Many of Milner’s subject librarians used UStat to support difficult cancellation decisions during this year’s journal review.  They could easily determine low- and zero-use titles across all of their subscriptions.  One of the more useful features is the ability to see use across platforms, when a title is available through multiple resources.  This enables librarians to determine if usage in a database is adequate, making a direct subscription less vital.  Viewing usage across platforms or resources informs librarians of how and where patrons seek out and use materials.  See Figure 3.


Figure 3. Single title usage

Although UStat is useful, it is not perfect.  At Milner Library, demand for usage statistics for streaming media resources is growing, joining the need for better electronic book usage data.  UStat does not yet handle either type of resource.  Project COUNTER 4, a major revision, goes into effect in December 2013, with reports already appearing in that format.  Although report files can be manipulated into a format that will load into UStat, the chances of data corruption increases as more changes are done by a person.  If UStat development lags behind Milner Library’s needs, the library may have to look for a different usage statistics system.  However, the process currently in place for gathering statistics should transfer easily as care was taken to create a process not reliant on a specific system.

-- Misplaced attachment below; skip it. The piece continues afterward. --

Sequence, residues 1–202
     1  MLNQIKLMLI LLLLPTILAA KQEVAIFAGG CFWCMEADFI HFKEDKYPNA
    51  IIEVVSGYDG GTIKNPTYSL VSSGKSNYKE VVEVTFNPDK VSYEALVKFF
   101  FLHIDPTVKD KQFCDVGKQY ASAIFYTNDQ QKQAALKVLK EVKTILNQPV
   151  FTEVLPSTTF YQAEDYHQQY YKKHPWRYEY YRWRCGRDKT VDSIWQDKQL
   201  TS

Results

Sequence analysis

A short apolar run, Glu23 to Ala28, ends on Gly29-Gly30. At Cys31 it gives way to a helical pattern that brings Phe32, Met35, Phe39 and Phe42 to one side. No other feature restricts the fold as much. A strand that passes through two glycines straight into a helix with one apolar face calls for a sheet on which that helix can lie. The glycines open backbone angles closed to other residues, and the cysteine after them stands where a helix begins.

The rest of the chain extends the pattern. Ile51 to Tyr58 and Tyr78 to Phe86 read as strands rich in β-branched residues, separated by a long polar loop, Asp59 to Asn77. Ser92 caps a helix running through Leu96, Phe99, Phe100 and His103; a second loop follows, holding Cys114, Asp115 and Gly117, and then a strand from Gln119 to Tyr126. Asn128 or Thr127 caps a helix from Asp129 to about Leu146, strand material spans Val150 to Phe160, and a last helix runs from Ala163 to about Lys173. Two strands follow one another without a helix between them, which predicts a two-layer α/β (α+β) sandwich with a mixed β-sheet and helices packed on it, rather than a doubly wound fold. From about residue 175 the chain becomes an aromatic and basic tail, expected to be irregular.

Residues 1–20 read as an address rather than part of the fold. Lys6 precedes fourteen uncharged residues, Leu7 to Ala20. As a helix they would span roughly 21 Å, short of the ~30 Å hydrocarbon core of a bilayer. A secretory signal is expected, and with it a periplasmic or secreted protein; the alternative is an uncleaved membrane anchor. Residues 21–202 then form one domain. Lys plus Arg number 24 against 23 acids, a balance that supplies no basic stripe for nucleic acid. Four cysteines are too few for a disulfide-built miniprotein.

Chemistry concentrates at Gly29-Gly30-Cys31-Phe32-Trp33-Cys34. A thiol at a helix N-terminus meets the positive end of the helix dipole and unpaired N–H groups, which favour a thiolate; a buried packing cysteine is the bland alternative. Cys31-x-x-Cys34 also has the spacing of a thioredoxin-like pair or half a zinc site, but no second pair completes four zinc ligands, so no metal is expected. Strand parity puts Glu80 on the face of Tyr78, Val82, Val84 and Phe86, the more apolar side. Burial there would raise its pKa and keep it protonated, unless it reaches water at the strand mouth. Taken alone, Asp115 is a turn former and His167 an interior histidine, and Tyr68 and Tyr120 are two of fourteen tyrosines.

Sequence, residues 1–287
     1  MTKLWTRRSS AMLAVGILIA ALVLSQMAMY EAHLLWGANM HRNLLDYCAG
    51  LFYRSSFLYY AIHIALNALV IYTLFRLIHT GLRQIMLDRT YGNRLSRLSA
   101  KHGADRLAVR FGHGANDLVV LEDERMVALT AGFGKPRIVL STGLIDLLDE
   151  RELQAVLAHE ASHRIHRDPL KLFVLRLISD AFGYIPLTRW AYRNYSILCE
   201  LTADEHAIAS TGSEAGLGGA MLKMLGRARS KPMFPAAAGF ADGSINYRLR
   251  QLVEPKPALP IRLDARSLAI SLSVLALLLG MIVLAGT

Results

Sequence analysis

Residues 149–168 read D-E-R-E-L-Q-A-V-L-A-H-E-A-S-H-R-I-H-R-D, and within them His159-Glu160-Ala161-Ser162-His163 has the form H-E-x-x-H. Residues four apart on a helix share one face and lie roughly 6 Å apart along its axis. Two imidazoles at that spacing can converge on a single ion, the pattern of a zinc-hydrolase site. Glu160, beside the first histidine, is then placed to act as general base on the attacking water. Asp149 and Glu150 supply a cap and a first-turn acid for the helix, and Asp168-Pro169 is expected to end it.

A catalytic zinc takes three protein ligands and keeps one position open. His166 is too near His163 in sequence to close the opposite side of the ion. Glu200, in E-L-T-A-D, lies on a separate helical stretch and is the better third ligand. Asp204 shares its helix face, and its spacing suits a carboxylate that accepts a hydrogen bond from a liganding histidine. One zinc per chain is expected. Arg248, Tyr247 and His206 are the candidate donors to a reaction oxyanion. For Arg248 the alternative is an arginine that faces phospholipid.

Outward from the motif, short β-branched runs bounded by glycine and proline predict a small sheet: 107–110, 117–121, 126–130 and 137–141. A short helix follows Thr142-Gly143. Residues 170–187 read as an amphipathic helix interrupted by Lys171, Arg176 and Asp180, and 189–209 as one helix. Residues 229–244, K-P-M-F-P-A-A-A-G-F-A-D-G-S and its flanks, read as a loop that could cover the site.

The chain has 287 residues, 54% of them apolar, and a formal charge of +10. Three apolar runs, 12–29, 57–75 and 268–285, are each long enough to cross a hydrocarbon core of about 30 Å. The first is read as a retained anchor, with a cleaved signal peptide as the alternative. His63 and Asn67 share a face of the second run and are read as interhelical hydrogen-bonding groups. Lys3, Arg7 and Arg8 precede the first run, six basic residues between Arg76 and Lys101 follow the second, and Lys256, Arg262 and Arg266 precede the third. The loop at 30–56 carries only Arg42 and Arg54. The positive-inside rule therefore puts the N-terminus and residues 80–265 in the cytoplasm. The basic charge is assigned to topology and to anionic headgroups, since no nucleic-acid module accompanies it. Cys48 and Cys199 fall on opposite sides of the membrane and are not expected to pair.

Electronic resource usage statistics are no longer a mystery for librarians at Milner Library.  Data is readily available and accessible at the point of need.  Using a system like UStat has enabled librarians to view their collections and the materials within those collections in different ways.  It is worth repeating though, that the information in UStat is just numbers.  Trends can be identified, but it is still up to the individual librarian to assign value and meaning.  Nevertheless, it is now easier to determine the value and meaning of those numbers.